How Rare My Heart Scan Improvement?

In 2009, I had a heart scan — a three-dimensional X-ray. The scan was used to calculate an Agatston score, a measure of arterial plaque. Higher scores mean a higher risk of heart attack. A few months after that, I discovered that butter improves how fast I do arithmetic.

Because butter was good for my brain, I started eating half a stick of butter (66 g) every day. Surely the butter was improving overall brain function. The effect of butter on the rest of my body I didn’t know. However, I thought it was highly unlikely that a food that greatly improves brain function is going to damage the rest of the body. The food you eat, after digestion, goes to the whole body (leaving aside the blood-brain barrier). Every part of the body must have been optimized to work well with the same food.

As I have posted earlier, I had a second heart scan, producing a second Agatston score, about a year after the first one. Amazingly, the second score was better (lower) than the first score. The woman in charge of the testing center said this was very rare — about 1 time in 100. The usual annual increase is about 20 percent.

Now I have gotten more information about the annual rate of change in Agatston scores. The graph above (thanks to Harry Rood) shows data from 40 people who listed their scores at the Track Your Plaque site. It is based on pairs of consecutive scores: it plots change versus level (average?). Because some people provided more than two scores, the data allowed 77 points to be plotted. My two scores were 38 (log 38 = 1.58) and 29 (log 29 = 1.46). So the decrease in log units was 0.12. If you look at the graph, you can see what an outlier this is — as I was told, it really is about 1 in 100.

Here we have the conjunction of two unusual things: 1. Eating half a stick of butter per day. Almost no one eats so much butter. 2. An extremely rare drop in the Agatston score over the same period. A principle of reasoning called Reichenbach’s Common Cause Principle says if two rare events might reflect cause and effect, they probably do. You can think of it like this: Lighting doesn’t strike twice in one place for two different reasons. Indeed, there is other evidence that high levels of saturated fat cause heart-scan improvement (even though this contradicts everything you’ve been told). Mozzafarian et al. (2004) found that in postmenopausal women, “a greater saturated fat intake is associated with less progression of coronary atherosclerosis.” So it is quite plausible that my butter intake improved my Agatston score.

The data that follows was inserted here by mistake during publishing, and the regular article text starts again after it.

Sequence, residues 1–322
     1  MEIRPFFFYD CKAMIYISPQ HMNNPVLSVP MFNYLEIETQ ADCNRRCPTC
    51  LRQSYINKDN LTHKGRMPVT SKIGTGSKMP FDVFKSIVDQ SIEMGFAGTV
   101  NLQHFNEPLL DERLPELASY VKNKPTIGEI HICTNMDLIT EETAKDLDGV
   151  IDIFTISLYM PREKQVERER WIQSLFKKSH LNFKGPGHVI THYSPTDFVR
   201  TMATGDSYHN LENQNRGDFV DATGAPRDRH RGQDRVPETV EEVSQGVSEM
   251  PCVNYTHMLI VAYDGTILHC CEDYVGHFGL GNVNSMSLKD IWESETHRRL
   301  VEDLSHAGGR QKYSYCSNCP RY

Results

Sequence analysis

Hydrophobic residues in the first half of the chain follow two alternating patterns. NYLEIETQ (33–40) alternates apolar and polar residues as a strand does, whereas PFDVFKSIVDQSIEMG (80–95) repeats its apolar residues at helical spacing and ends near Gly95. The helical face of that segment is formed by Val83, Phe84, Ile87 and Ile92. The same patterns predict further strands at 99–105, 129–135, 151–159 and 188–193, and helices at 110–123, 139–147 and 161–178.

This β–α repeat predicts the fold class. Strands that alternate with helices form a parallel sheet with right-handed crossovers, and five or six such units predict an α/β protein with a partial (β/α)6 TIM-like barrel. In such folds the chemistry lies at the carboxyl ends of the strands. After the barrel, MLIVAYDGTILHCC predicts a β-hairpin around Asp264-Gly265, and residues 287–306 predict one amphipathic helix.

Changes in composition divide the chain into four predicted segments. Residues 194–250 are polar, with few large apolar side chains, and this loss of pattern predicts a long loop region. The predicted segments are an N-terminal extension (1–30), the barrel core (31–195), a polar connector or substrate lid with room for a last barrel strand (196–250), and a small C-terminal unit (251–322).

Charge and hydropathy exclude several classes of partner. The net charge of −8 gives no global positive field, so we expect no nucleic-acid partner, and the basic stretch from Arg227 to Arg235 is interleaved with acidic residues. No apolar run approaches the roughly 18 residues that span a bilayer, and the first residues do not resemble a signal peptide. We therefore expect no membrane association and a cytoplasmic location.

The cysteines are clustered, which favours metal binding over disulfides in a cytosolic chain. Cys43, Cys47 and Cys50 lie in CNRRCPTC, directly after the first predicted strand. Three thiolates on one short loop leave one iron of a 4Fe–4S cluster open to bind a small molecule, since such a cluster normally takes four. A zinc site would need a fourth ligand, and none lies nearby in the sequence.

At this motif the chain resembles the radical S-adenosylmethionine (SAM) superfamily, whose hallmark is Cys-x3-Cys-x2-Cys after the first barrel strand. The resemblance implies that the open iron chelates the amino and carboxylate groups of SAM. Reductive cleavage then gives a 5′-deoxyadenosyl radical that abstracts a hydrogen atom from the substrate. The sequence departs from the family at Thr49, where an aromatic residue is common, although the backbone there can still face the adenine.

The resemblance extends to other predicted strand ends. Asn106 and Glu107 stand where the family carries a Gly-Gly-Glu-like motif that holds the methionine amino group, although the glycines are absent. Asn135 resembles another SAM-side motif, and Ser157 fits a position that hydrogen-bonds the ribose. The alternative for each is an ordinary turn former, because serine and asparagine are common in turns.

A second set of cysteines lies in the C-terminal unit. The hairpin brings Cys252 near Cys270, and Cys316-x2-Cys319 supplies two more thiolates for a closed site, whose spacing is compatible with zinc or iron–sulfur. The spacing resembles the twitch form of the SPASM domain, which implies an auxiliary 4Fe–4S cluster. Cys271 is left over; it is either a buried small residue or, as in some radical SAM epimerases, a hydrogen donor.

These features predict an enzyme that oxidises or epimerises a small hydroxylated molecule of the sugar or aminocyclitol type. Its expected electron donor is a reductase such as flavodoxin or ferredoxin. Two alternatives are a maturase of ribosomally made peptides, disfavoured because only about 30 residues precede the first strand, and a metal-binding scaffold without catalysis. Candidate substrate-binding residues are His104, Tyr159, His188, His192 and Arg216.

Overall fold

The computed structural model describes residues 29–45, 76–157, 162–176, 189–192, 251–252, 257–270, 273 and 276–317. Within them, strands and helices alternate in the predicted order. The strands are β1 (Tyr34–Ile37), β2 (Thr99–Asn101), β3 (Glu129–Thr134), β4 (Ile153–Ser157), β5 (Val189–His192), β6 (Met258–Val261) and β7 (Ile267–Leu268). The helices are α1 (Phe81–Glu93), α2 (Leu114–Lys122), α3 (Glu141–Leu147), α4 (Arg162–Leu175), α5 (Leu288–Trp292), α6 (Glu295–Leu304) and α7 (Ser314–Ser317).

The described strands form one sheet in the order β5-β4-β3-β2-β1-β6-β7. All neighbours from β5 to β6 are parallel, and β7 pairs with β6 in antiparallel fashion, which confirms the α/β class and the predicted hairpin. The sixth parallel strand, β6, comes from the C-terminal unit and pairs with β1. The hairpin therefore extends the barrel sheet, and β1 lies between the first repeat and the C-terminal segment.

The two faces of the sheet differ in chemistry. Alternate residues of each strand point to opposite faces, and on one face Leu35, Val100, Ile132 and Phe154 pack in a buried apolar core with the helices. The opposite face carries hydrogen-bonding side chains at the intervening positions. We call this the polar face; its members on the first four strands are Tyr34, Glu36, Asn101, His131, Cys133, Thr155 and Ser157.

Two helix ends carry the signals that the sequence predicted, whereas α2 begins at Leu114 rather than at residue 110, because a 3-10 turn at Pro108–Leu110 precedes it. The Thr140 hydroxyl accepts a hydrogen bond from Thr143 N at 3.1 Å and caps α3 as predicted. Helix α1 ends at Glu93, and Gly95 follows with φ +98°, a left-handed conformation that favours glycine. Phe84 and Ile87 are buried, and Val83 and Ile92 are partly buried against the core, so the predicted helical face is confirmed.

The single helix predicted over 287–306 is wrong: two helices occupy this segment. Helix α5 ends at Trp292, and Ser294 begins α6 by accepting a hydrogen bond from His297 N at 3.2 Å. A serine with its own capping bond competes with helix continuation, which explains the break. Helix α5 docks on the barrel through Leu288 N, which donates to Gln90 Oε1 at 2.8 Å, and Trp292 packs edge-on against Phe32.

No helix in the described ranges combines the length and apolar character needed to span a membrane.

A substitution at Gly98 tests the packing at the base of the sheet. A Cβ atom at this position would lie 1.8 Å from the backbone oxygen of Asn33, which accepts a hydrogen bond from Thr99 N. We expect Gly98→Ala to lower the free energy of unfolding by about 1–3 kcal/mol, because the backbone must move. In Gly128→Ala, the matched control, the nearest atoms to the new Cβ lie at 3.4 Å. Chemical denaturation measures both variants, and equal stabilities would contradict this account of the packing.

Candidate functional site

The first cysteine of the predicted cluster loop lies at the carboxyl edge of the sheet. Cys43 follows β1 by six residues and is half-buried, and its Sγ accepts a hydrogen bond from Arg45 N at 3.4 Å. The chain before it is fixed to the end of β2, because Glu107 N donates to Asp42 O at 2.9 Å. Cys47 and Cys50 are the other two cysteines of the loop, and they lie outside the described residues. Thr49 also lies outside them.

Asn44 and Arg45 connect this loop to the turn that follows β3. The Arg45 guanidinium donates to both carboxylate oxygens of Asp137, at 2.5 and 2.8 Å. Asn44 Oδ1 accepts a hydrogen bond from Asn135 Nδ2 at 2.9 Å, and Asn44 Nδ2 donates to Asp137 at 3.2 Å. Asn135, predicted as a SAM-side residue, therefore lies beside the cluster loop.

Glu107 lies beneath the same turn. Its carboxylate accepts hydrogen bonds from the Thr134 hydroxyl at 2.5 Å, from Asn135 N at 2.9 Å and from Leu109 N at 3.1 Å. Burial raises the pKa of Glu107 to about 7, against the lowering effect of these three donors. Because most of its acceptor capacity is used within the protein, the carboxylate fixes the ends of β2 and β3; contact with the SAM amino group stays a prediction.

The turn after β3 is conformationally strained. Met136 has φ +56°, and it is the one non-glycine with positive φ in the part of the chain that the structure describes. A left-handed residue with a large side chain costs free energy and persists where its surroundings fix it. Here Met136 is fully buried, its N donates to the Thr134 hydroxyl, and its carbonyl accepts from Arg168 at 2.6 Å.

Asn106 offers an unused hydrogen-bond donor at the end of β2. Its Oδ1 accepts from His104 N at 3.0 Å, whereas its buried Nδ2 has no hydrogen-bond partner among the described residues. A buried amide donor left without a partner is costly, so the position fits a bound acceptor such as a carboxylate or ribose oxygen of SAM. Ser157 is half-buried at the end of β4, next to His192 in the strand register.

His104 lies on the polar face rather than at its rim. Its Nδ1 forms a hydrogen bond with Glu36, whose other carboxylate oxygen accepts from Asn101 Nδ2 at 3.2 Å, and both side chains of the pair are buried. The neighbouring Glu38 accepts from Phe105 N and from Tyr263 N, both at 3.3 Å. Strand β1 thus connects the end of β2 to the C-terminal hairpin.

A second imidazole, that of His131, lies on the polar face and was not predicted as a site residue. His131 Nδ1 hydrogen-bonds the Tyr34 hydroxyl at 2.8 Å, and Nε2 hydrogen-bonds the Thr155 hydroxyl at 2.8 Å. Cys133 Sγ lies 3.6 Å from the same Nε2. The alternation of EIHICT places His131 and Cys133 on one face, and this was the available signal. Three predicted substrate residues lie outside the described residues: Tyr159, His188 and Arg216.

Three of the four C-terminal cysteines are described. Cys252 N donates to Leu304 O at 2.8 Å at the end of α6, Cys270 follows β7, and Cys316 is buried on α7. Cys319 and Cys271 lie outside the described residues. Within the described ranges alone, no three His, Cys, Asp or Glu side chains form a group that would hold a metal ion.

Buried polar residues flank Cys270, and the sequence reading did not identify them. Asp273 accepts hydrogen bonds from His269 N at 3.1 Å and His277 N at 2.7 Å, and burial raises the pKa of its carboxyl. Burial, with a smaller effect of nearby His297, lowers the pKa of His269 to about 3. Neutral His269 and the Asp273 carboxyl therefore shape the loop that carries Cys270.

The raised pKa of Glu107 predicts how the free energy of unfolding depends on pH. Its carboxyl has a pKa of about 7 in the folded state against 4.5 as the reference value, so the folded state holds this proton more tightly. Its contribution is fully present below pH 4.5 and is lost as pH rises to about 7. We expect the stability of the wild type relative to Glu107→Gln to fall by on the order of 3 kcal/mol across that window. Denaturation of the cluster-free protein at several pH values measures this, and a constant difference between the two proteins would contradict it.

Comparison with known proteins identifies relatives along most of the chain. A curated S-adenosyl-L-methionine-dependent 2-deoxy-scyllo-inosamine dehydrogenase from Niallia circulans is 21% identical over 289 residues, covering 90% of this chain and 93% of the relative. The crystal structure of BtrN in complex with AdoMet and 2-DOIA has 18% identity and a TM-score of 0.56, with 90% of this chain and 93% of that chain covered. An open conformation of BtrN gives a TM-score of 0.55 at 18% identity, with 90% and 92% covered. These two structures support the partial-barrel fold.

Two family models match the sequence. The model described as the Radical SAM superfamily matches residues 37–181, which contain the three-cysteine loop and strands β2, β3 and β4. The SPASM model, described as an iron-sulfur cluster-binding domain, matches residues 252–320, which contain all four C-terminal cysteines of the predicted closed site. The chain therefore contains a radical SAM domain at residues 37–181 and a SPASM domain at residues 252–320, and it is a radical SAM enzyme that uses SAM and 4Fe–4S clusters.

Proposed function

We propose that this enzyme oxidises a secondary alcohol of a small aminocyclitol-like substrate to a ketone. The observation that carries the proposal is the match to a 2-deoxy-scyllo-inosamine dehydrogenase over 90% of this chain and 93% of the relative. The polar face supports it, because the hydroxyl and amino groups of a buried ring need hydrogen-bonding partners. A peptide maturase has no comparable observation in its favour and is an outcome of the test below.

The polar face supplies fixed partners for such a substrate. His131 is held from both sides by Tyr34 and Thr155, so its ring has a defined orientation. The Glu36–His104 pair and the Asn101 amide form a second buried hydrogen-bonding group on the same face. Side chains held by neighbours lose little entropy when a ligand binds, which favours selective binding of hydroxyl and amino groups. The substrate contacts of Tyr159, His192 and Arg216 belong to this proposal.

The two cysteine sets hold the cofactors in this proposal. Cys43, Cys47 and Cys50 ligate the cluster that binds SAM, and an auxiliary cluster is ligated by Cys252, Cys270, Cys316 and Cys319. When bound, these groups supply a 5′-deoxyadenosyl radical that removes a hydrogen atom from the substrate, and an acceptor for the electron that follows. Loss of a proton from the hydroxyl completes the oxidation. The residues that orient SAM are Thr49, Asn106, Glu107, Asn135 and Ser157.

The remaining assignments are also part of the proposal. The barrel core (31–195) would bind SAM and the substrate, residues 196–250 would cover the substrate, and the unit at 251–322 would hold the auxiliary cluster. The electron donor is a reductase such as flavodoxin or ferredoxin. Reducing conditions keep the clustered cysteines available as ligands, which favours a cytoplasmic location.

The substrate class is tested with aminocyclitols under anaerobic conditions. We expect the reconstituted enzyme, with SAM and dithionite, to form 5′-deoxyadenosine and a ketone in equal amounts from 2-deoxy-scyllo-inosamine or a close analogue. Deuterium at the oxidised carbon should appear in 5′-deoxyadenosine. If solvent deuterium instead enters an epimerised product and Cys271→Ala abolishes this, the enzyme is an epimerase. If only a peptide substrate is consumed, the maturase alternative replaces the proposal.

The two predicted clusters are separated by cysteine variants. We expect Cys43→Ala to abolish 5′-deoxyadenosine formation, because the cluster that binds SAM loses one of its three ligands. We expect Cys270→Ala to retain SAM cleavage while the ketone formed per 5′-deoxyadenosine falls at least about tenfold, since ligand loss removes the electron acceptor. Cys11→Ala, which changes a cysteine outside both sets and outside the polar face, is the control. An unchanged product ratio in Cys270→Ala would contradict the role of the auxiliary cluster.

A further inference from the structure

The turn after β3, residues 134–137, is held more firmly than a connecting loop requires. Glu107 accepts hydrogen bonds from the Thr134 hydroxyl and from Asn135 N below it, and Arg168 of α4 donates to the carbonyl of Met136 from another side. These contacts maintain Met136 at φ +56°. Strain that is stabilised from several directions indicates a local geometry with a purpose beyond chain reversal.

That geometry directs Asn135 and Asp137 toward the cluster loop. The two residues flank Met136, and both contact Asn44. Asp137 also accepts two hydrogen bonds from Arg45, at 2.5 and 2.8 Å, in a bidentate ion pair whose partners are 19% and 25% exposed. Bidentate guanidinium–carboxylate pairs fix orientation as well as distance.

22 Replies to “How Rare My Heart Scan Improvement?”

  1. Do you need to eat half a stick of butter a day to maintain the cognitive benefits? Or do you think that once a deficiency has been corrected you can reduce the dose?

  2. I know that Eri Gentry’s “Buttermind” study suggested that coconut oil doesn’t have the same positive effect as butter. Aside from flaxseed oil, is there any other plant-based food that may have the same (or similar) beneficial effect as butter?

  3. Seth do you consume a lot of choline? I’m worry that if I eat a primarly vegetarian diet that if I add a lot of butter, I might not be injesting enough choline to break down the fats. I don’t consider taking a supplement to be adequate way of getting the nutrient– any ideas here?

  4. While I think saturated fat is probably good for you, I don’t see why you’re focusing on it for heart scans. My guess for the most likely hypothesis is that the Vitamin K2 in the butter (and maybe the Vitamins D and A too) is regulating your calcium so it goes into your bones instead of into your arteries.

    Check out these posts on K2 and heart disease:

    Of course, the butter-calcium relation could be a many-factored effect, but the fat-soluble vitamins have a lot of evidence behind them. It’s not clear to me whether the fat itself is important or just a carrier for the vitamins.

  5. Dear Seth –

    What do you think about the (rather conflicting) research regarding flaxseed consumption and prostate cancer? I assume you are not worried?